The link between prediabetes and obesity has been shown. Of course, not everyone who is obese is a type 2 diabetic, and it is possible to be diabetic without being overweight.
But obesity increases the risk of developing prediabetes. As obesity becomes a global problem, the link cannot be ignored.
In 2000 there were more than 1.1 billion overweight people in the world, and an estimated 312 million were obese. Numbers have tripled in areas where the Western diet has recently replaced traditional local foods.
Places like the Middle East, the Pacific Islands, India, Southeast Asia, and China are seeing this happen. Diabetics are expected to increase from 84 million in 2000 to 228 million in 2030.
The connection between obesity and our Western diet seems clear. When fast food chains flooded Australia, type 2 diabetes cases skyrocketed there, four times faster among Aboriginal people than in the rest of the country.
Why is our western diet so bad?
Consumption of convenience foods, products with added sugar, and fast foods lead to high triglyceride levels even in people who are not overweight. Heart and blood vessel problems, as well as inflammatory syndromes, have been linked to high triglycerides.
Your pancreas, especially the beta cells that control how your body handles food, goes out of balance due to high triglyceride levels and inflammation. You will then see increased fat deposits, which leads to abdominal obesity and insulin resistance.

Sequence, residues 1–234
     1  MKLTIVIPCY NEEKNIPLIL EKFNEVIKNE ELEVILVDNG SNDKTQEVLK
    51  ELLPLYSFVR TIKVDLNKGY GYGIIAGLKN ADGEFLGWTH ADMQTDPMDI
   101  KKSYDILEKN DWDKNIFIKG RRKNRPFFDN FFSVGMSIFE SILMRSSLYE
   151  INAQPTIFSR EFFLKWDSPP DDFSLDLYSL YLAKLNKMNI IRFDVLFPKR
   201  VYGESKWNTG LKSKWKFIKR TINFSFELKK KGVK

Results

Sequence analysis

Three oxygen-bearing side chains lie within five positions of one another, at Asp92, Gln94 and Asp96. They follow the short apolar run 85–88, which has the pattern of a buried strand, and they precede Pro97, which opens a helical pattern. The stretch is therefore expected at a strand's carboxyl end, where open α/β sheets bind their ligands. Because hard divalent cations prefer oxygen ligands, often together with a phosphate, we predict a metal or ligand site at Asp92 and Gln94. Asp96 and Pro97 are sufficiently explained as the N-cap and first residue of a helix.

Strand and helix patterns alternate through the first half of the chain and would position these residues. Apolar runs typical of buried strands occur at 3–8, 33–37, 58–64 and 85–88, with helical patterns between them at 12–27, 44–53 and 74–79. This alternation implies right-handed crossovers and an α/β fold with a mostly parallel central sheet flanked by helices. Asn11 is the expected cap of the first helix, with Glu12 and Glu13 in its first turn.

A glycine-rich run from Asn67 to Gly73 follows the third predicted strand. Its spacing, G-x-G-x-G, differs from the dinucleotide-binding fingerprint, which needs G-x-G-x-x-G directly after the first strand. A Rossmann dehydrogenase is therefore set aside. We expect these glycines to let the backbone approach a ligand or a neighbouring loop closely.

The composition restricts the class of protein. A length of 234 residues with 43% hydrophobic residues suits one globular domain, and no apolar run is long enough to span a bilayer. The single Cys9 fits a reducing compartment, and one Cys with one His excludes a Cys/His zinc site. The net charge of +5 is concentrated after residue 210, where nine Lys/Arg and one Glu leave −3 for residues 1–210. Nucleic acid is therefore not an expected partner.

In most cases, insulin resistance will develop into prediabetes even without adding genetic factors. The higher the obesity, the faster the insulin resistance will lead to type 2 diabetes.
When insulin-resistant cells send a message that they need glucose, the liver responds and makes matters worse. The beta cells are already being attacked by an inflammatory diet. As diseased beta cells try to restore order by making more insulin, they become weaker and weaker.
The progression from prediabetes and obesity to full-blown type 2 diabetes is slow, so there is time to do something about it. But you can’t waste time doing things that won’t work.
Diets cannot end obesity
When you think of fighting prediabetes and obesity, the first thing you think of is probably dieting. But which one should you choose? Every man-made diet has its success stories. There are so many options.
Maybe this will help you decide. For many years studies have been conducted comparing popular diets. Researchers follow them all, from low-calorie to Atkins to every other modern diet. This is what they found.
After a year, all the diets worked equally well. None of them were better than another for long-term weight loss. Each dieter succeeded or failed based on one question. Did they stay on the diet or did they leave it?
So weight loss success came from keeping it off. Turn that statement around and you will see the truth. What works is not dieting, but making a permanent change in what you eat and how much. This is what will stop prediabetes and obesity.
Why the diet will not work
I hate the word diet. It implies that we can “go on a diet” for a while and then return to our normal habits. That’s the real reason why diets don’t work. Following dieters for many years has proven this.
People who study prediabetes and obesity have published their work in medical journals intended for the eyes of doctors. The articles urge doctors to stop asking their obese diabetic patients to expect a normal BMI (fat to muscle ratio).
Everyone knows that a normal BMI has led to remission of type 2 diabetes in some pretty famous once-obese people. So why advise doctors not to set this goal for their patients?